Common Scrum terms that every developer should know.

A calendar full of daily stand-ups. A good thing?

Scrum is a framework for agile product/software development.

If you’re not familiar with the scrum framework or the agile mindset, I suggest starting with one of these first:

Chances are, you’ve probably already seen most of these terms. Even so, I invite you to compare this list of terms to a version your team uses. What’s the difference? Why is there a difference? (No right answer.)

It’s good practice to think about how you’re using different parts of the scrum framework and whether or not you are using it as intended by your team when the practice was implemented.

Terminology

Stand-up (also called daily scrum)

A daily meeting. During this meeting team members plan development and update the sprint backlog.

Velocity

The speed of development. Only useful for measuring relative speed over a historical basis on one team. Not for comparing development speed between teams.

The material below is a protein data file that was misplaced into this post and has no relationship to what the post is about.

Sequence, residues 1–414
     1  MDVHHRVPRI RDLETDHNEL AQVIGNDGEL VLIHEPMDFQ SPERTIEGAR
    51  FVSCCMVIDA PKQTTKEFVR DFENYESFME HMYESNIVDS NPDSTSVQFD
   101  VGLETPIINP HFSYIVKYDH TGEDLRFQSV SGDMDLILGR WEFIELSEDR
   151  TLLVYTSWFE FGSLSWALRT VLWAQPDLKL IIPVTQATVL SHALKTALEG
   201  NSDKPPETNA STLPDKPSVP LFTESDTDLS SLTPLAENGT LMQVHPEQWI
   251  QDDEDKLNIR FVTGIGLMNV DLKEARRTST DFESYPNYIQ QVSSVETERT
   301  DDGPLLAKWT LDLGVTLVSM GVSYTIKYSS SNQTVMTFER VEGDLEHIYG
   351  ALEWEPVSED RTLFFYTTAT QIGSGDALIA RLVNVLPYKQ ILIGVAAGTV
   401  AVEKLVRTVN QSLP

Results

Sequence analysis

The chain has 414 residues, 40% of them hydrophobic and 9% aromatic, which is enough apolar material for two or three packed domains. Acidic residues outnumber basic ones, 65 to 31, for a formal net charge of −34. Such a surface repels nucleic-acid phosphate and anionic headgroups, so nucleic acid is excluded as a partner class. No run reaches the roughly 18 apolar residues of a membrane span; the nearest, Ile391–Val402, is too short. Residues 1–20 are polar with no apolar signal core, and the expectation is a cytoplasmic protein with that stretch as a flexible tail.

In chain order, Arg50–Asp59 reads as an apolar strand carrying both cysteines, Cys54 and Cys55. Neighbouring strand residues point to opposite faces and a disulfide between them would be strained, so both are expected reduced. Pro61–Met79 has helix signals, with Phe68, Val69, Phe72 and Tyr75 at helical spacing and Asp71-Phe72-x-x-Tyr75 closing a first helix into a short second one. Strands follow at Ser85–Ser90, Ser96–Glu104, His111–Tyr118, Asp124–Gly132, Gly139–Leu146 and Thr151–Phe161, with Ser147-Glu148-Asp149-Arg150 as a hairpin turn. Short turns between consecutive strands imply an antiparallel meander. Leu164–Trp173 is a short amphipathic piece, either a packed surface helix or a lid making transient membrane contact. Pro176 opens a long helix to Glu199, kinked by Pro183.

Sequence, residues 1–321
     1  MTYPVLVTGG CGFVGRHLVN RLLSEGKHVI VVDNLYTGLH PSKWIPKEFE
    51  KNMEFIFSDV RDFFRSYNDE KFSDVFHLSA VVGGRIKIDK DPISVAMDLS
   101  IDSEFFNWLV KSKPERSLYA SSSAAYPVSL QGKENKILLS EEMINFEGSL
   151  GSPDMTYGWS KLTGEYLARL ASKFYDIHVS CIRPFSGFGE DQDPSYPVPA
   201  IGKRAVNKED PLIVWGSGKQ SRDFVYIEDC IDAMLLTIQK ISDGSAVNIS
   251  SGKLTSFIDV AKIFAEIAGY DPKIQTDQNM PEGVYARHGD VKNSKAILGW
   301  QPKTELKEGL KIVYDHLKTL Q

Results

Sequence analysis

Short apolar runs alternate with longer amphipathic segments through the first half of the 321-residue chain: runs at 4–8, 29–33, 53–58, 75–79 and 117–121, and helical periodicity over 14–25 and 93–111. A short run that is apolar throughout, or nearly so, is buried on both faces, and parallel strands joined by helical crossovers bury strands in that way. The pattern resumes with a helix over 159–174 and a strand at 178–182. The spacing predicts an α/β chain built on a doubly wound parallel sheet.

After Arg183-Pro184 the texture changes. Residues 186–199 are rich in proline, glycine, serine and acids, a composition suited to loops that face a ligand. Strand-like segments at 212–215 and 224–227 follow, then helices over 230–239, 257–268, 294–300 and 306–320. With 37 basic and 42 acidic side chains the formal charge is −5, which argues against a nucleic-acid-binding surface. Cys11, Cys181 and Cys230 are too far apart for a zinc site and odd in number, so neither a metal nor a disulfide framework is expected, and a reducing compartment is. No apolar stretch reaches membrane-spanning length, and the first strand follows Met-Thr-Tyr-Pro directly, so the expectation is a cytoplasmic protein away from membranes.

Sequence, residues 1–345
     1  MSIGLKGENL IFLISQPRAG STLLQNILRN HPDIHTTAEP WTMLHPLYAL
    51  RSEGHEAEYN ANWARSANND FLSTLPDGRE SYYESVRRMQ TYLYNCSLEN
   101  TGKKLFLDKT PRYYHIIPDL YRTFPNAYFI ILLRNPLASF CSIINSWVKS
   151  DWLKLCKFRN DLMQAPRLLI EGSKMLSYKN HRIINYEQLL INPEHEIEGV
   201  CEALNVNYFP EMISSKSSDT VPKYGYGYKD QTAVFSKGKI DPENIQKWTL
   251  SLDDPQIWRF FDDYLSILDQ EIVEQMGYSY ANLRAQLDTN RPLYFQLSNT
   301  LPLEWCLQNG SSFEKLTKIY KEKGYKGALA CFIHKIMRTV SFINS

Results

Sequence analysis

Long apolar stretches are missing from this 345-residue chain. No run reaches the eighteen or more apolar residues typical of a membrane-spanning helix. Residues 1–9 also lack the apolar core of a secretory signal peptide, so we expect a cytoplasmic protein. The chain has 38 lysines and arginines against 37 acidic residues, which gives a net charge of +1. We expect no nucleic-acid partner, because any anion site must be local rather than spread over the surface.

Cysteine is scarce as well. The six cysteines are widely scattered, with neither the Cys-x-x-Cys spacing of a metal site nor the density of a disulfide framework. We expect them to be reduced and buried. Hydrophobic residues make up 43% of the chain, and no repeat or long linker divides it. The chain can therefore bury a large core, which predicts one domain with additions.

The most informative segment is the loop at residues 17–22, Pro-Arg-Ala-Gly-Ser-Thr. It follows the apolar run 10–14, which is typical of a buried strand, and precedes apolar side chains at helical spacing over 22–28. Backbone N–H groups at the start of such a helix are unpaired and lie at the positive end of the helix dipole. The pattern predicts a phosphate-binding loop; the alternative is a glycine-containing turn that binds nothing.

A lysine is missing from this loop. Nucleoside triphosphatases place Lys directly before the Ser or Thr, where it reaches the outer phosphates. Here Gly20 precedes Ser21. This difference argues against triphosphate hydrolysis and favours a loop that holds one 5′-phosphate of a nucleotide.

Artifact

Something that is left over from work on a story. An example would be documentation.

Story

A goal based on the desires of the users. Usually follows some sort of template like ‘given’,’when’,’then’.

“Given I’m a mobile app user. When I click on my account icon, then I want to see my account information.”

Definition of done

(not to be confused with Acceptance Criteria) Definition of done, is a collection of things like coding standards that establish a baseline quality for finished work.

Acceptance Criteria

Different from definition of done, acceptance criteria pertain to specific user stories rather than the project as a whole. They are a list of requirements that must be met to finish a story.

An Agile Note

Memorizing definitions will not make you a better ‘agile’ software developer or your team more efficient. Scrum isn’t a step-by-step plan, it’s a framework. Use it as such.